[dropcap]I[/dropcap]t seems that every time a sketchy Kickstarter campaign launches there’s a small group of backers that are on the case to expose any potential improprieties. This hardcore group of sleuths go to great lengths to dig up dirt on rogue developers and their shady campaigns. In light of the recent Maksym Pashanin situation involving Knuckle Club we thought it appropriate to finally talk to one of these Kickstarter Cops; and who better than Ahmad Khan? Who’s that? Ahmad was a central figure in the blow-up of the Knuckle Club and Areal campaigns, so we thought it appropriate to speak with him about his motivations and objectives.
Cliqist : Who are you exactly?
Ahmad Khan : A passionate videogamer, a proud Canadian, a loving husband and according to my neighbors a real nice guy.
Cliqist : You’re a kind of Kickstarter Chris Hansen, going after rogue campaigns and campaign organizers. What started that?
Ahmad Khan : I can assure you it was totally by chance. It all started with project Areal by West Games. According to West Games Areal will be a spiritual successor to cult FPS survival-horror S.T.A.L.K.E.R franchise.
I have been backing Kickstarter project since 2012 and I know the risks of crowd funding: delays, removal of features and subpar end product. So I understood projects don’t always go as planned, during the campaign or afterwards.
However, never did I imagine I would witness something so bizarre and infuriating as the Kickstarter project Areal by West Games. Lies, deception, misleading-statements and bizarre reactions by the developers towards backers asking critical questions left a really bitter taste in my mouth. The people behind that project were making a mockery of the crowd-funding platform that helped launch the likes of Wasteland 2 and Might No. 9.
I and a small group of backers decided that West Games couldn’t get away with this. We emailed Kickstarter administration during the first week of the project, but all we received back was the generic “Thank you, we are looking into it” response. As the final week of the project approached we decided enough is enough and emailed any and every news site that covered video games and technology. The media slowly started to pick up the story and in a few days the Areal fiasco become the top search result on Google for the keyword “Kickstarter”. It appeared the people working at Kickstarter noticed the bad press and Areal was suspended shortly before the 48 hour deadline.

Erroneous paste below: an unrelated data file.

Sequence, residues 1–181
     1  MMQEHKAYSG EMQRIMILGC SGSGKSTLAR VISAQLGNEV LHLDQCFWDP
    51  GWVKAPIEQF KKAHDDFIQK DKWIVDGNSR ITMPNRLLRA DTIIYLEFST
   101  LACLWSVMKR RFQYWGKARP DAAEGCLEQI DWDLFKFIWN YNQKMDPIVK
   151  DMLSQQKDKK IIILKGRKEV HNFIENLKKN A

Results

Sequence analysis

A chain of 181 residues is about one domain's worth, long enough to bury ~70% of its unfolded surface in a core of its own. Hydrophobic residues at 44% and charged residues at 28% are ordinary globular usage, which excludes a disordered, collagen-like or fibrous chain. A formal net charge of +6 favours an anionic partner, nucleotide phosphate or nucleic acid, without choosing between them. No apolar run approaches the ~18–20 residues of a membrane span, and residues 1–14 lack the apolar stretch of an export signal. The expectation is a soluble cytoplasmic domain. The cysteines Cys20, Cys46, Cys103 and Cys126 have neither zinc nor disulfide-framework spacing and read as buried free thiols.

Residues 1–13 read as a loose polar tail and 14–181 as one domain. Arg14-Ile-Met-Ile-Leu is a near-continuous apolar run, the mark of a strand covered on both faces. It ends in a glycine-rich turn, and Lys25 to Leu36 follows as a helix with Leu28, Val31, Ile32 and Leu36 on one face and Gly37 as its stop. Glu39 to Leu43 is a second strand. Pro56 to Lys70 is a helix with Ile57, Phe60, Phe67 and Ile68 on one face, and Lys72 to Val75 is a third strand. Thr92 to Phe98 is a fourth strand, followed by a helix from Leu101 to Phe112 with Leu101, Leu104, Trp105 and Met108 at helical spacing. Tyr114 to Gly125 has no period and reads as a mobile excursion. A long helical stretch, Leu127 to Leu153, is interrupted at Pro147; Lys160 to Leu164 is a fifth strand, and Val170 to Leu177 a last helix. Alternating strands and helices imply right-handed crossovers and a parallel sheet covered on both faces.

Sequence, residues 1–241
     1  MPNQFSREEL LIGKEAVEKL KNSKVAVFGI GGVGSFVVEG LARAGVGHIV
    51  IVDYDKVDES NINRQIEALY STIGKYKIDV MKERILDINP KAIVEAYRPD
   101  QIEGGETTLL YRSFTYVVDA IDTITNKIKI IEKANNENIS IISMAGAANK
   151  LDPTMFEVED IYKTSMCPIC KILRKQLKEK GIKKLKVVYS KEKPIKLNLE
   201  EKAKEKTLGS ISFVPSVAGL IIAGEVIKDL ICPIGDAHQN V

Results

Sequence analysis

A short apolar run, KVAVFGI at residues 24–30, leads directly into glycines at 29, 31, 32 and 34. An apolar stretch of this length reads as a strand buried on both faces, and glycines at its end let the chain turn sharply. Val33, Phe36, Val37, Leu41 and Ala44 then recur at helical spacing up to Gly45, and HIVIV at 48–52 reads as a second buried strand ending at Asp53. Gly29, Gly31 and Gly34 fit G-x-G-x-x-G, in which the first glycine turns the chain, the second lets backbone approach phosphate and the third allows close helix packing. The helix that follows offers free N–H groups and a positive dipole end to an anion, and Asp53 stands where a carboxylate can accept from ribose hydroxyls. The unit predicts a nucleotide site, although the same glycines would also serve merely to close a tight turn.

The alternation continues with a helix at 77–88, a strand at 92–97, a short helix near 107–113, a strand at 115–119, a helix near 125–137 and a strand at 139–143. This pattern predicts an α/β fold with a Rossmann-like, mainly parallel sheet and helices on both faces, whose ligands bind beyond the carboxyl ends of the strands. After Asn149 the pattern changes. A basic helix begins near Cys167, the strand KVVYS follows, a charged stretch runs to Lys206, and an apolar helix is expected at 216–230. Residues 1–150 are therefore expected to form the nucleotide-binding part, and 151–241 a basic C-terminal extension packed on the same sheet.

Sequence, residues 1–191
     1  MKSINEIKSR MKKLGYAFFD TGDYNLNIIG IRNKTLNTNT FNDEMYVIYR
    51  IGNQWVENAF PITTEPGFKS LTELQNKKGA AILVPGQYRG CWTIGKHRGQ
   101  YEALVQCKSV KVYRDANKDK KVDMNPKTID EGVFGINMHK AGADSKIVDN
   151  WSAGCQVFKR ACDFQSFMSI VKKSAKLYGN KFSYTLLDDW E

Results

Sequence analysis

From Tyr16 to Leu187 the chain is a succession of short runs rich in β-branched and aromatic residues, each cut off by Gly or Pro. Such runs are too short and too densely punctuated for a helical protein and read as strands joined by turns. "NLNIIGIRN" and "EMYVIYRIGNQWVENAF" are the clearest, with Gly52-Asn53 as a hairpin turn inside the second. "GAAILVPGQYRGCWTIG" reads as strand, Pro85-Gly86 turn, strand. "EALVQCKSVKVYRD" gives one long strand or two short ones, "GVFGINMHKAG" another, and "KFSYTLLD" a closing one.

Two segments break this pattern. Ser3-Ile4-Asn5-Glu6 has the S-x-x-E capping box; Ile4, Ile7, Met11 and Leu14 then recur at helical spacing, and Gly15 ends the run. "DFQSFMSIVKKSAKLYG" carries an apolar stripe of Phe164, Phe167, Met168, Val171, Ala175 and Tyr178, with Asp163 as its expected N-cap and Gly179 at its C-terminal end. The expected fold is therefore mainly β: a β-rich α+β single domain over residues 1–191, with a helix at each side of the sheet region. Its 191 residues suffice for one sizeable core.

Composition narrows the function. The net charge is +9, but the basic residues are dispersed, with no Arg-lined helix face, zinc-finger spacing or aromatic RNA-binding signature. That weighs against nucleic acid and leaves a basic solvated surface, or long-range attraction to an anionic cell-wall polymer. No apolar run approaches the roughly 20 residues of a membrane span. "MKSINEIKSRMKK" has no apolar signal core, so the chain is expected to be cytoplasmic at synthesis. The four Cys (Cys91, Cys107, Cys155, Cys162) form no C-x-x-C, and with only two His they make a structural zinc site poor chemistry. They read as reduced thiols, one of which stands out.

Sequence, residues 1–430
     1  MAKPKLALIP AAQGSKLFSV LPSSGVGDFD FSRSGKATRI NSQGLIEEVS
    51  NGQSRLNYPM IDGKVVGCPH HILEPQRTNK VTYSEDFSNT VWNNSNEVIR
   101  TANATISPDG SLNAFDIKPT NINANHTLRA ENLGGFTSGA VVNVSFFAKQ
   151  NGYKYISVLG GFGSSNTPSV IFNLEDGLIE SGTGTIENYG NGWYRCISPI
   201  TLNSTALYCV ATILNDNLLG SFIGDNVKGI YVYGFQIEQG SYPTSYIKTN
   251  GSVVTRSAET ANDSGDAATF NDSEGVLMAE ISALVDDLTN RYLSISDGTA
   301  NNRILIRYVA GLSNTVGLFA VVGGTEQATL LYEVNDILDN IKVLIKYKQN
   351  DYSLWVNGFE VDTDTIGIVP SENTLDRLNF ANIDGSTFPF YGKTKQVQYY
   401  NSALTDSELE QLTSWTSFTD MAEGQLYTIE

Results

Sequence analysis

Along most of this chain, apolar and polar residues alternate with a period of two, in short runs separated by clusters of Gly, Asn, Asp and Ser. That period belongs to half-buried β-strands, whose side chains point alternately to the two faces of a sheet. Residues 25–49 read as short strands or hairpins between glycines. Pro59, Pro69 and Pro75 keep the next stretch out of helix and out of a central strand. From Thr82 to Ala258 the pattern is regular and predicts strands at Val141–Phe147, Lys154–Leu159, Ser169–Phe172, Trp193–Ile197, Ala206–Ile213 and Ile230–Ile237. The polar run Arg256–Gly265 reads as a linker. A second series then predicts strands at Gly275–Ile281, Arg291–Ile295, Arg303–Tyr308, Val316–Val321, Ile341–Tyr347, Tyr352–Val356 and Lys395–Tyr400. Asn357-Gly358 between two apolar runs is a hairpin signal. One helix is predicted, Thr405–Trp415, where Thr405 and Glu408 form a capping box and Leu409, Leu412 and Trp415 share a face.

Cliqist : What were some of the specific concerns about Areal? How did the developers handle it poorly; what could they have done differently?
Ahmad Khan : That project did so many things wrong that I think we won’t see anything like that on online crowdfunding platforms any time soon. I can literally write a book about the 28 days of lies, deception and outright bizarre activities that happened during that project. But for the sake of this interview I will highlight the most relevant information. The developers claimed they are developing their own new game engine to be used in the game, yet they never once provided any direct or indirect proof of this claim. When they actually decided to show in-game footage of their so called new engine it was in reality the Unity game engine. They claimed they will port this game on all next generation consoles and translate the game in multiple languages for a mere fifty thousand dollars. Worst they were using footage and concept art from S.T.A.L.K.E.R franchise as part of their promotional material. I won’t even go into the bully tactics, the spam attacks, breach of privacy, the Russian President Putin’s letter, or the creators claims that backers asking critical questions were trolls paid by Russian government to discredit their Ukrainian based game studio. Suffice to say that project was a clear cut scam.
Cliqist : How do you decide which campaigns are worthy of your additional attention?
Ahmad Khan : I do not actively go looking for suspicious projects, as a videogamer my focus has always been videogame and videogame technology projects. Every weekend I browse Kickstarter and Indiegogo for new gaming projects. However I always take some time and double check any project that make haughty claims of “spiritual successor”, “remake”, “inspired by”, “redefining” or “next-gen” when describing their games. Thankfully most of the time such projects are legitimate, however the chance of foul play is also high in such projects, as demonstrated most recently by West Game’s Areal.